Although Peggy spent 20 years as an official in world curling, we opted out of Sochi. Aside from the expense, anti-gay bill and reports of horrible hotels, we had an unpleasant experience in Moscow two years ago when traveling for a curling event. Virtually no one spoke English. Signs were in Cyrillic script. An inveterate American traveler called Russia the most unfriendly tourist venue he had ever visited.
When Peggy and I moved to Center City Philadelphia nearly 20 years ago, around the block from our 1817 row house was a typical, tacky pizza shop on the corner of Fourth St. and raffish South St. Every morning when I walked the dog in the area, discarded pizza crusts and paper waste were all over the sidewalk and in the gutter. The dog was in hog heaven; I found it disgusting.
Suddenly the pizza shop was replaced by Starbucks. I was thrilled. Good coffee and terrific snacks. The enthusiastic young baristas (clerks who make coffee) are up and at ‘em at 4:45 a.m. preparing for the 5:30 opening. And the place is always clean and tidy. For 16 years, Starbucks has been a great neighbor and presumably profitable.
Many years ago, Seattle direct marketing guru Bob Hacker took Peggy and me on a sightseeing tour of his city and we stopped for a requisite cuppa Joe at Starbucks’ first store at the Pike’s Place Market. I felt part of American corporate history.
In Madrid several years ago, I was delighted to spy the Starbucks logo just down the street where I could bring a couple of coffees back to the room well before our out-of-the-way hotel dining room opened for breakfast.
At the Starbucks down the street from our hotel in Geneva, two small coffees, two blueberry muffins and a small bottle of orange juice was a whopping US$27.50, but hey! the little muffins were loaded with juicy blueberries and it was all lots cheaper than the US$3 per person continental breakfast at the hotel.
In fact, just about anywhere in the world, Starbucks is a welcome sight.
Now suddenly Starbucks’ has decided to change its logo. It is deleting the word “STARBUCKS,” deleting the word “COFFEE” and being represented by a naked green cartoony mermaid with a Miss America tiara and two fish tails.
Will she become the Nike Swoosh of world-class coffee?
I don’t think so.
“If it ain’t broke,” said Jimmy Carter’s budget guy Bert Lance, “don’t fix it.”
When I saw that the 2008 rate for a speech by Larry Summers was $45,000 to $135,000, I got to thinking.
Out of curiosity, I started prowling the various Web sites of speakers' bureaus and came to six conclusions:
- It seems everybody in the world is available for speeches. Included are political and show business stars, second and third bananas, and hundreds upon hundreds of people I never heard of.
- All of these people—luminaries and nobodies—get fees from $1,000 to $1 million, plus expenses.
- I used to make a lot of speeches, and all I ever got was expenses and a plaque with my name engraved on it.
- I was a damned fool. I was as much a nobody as anybody else and could've picked up some dough if I'd just asked.
- If someone invites you to make a speech, think about asking for an honorarium at the very least, if not a fat fee, plus expenses. For Colin Powell, expenses include a private jet along with his $100,000 fee.
- The worst that can happen is that no money in the budget exists for fees or expenses. If you refuse, someone will replace you.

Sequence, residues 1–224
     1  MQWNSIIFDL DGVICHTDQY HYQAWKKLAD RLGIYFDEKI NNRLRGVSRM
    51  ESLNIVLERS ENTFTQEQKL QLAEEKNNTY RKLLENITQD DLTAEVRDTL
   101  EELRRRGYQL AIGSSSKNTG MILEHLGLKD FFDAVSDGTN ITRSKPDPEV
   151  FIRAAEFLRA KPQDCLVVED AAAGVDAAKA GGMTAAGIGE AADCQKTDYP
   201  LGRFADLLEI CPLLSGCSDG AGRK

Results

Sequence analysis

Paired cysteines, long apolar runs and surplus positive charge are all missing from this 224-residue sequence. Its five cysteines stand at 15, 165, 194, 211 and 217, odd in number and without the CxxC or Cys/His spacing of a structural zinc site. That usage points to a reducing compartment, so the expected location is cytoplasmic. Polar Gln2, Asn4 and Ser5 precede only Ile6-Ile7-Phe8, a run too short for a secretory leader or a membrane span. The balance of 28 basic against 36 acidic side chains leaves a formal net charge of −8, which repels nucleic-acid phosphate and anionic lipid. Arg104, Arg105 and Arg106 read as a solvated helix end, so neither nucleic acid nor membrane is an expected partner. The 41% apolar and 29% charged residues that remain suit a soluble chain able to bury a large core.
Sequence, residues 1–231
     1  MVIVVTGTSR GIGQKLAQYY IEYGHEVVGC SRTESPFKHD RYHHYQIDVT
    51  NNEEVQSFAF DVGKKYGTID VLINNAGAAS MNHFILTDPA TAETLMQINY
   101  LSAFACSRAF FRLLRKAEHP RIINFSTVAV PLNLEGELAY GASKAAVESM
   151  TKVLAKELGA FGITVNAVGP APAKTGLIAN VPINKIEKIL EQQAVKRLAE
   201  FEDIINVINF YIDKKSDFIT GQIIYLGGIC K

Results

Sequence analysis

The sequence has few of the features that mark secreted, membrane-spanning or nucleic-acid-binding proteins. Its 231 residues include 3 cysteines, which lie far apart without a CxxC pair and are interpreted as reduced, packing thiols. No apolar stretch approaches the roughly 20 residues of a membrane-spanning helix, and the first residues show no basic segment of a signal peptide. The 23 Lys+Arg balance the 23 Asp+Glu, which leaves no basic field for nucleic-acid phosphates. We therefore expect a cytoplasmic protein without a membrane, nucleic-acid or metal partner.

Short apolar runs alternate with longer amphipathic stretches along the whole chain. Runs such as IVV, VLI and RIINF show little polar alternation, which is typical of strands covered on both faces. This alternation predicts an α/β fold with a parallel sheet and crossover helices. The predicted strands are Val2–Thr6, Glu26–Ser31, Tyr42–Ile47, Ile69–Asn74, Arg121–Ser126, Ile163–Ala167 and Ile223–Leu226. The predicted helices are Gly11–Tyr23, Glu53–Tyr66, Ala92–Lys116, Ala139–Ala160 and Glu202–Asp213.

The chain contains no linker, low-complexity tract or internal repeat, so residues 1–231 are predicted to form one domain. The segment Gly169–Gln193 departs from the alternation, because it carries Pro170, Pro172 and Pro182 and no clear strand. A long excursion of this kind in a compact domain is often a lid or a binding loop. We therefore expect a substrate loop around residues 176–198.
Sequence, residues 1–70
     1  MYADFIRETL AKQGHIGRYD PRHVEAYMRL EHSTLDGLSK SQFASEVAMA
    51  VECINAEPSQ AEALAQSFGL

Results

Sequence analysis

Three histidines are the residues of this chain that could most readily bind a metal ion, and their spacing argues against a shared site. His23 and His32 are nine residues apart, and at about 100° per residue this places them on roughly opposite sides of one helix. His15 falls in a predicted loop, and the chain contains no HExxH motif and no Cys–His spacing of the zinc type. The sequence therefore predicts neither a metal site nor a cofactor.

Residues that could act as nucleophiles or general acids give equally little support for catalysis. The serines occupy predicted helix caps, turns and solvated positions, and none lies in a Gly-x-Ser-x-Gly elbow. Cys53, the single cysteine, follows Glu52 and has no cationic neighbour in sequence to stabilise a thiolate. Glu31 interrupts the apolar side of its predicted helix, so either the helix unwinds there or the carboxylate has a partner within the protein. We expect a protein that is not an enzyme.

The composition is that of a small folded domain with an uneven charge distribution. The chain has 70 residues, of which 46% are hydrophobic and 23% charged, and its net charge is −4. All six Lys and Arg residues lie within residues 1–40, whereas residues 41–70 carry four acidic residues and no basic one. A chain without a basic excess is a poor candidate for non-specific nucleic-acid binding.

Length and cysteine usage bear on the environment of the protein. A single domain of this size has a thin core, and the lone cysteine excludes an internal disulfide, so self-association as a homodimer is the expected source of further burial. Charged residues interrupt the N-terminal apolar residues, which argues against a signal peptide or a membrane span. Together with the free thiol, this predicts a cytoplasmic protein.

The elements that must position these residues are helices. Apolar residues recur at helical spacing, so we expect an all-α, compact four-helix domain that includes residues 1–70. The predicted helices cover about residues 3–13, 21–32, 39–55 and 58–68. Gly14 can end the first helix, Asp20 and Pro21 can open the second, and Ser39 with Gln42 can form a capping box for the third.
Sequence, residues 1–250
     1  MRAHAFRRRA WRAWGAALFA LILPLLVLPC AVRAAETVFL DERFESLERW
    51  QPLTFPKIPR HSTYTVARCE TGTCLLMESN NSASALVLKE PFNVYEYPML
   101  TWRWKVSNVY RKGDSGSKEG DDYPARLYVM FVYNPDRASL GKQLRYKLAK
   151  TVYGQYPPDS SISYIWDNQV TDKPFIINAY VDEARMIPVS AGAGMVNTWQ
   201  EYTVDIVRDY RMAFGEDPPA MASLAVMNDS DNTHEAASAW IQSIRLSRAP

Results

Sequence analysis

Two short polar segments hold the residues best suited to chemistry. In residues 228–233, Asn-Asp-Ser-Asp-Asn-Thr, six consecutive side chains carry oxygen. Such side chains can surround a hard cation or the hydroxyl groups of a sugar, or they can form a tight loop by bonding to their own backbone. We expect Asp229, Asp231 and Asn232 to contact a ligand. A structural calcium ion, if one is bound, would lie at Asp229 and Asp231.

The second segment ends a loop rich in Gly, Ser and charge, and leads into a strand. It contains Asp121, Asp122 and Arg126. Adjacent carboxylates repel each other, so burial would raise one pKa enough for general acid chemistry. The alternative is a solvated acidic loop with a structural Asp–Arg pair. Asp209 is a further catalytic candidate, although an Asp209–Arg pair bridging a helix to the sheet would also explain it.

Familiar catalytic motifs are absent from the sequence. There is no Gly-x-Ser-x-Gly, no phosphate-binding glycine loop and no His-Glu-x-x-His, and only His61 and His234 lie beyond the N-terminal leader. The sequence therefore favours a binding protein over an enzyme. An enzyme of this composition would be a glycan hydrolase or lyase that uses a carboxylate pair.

I've been around for 12 presidential administrations—starting with that of Franklin Roosevelt, who died in office when I was 10. In my memory bank are five deeply flawed men who turned the highest office into a national nightmare and were rendered politically impotent during the final years of their presidencies: John F. Kennedy (Bay of Pigs, Cuban missile crisis, assassination), Lyndon Johnson (Vietnam), Richard Nixon (Watergate), Jimmy Carter (Iran hostage crisis) and Bill Clinton (Monica Lewinsky).
My family was not Democratic nor Republican. Nor am I. I've always voted for whomever I believed to be the best person for the job. As a result, I'm a registered Independent, which means I never vote in primary elections. If that's a cop-out, so be it.
For the record, up to the current administration (on which the jury is still out) I voted Eisenhower, Kennedy, Johnson, Humphrey, Carter, Reagan, Bush 41 and Clinton.
Only twice in my life have I seen the country crippled and disfigured, resulting in genuine grassroots passion in a presidential election: 1968 and 2008.
The year I got passionate about politics—and dispassionate—was 1968.
The record of human rights in China today is abysmal. From the Amnesty International Report 2007: An increased number of lawyers and journalists were harassed, detained, and jailed. Thousands of people who pursued their faith outside officially sanctioned churches were subjected to harassment and many to detention and imprisonment. Thousands of people were sentenced to death or executed. Migrants from rural areas were deprived of basic rights. Severe repression of Uighurs in the Xinjiang Uighur Autonomous Region continued, and freedom of expression and religion continued to be severely restricted in Tibet and among Tibetans elsewhere. Now various organizations and individuals with single-issue agendas are
This past Sunday on CNN, eight Democratic contenders debated the issues and each other. Tonight, the 10 declared Republicans are going to take on each other in the same venue before a national TV audience. In the words of the CNN press release: Due to the historical nature of presidential debates and the significance of these forums to the American public, CNN believes strongly that the debates should be accessible to the public. The candidates need to be held accountable for what they say throughout the election process. I watched the Sunday evening Democratic debate, growing more and more depressed for two reasons: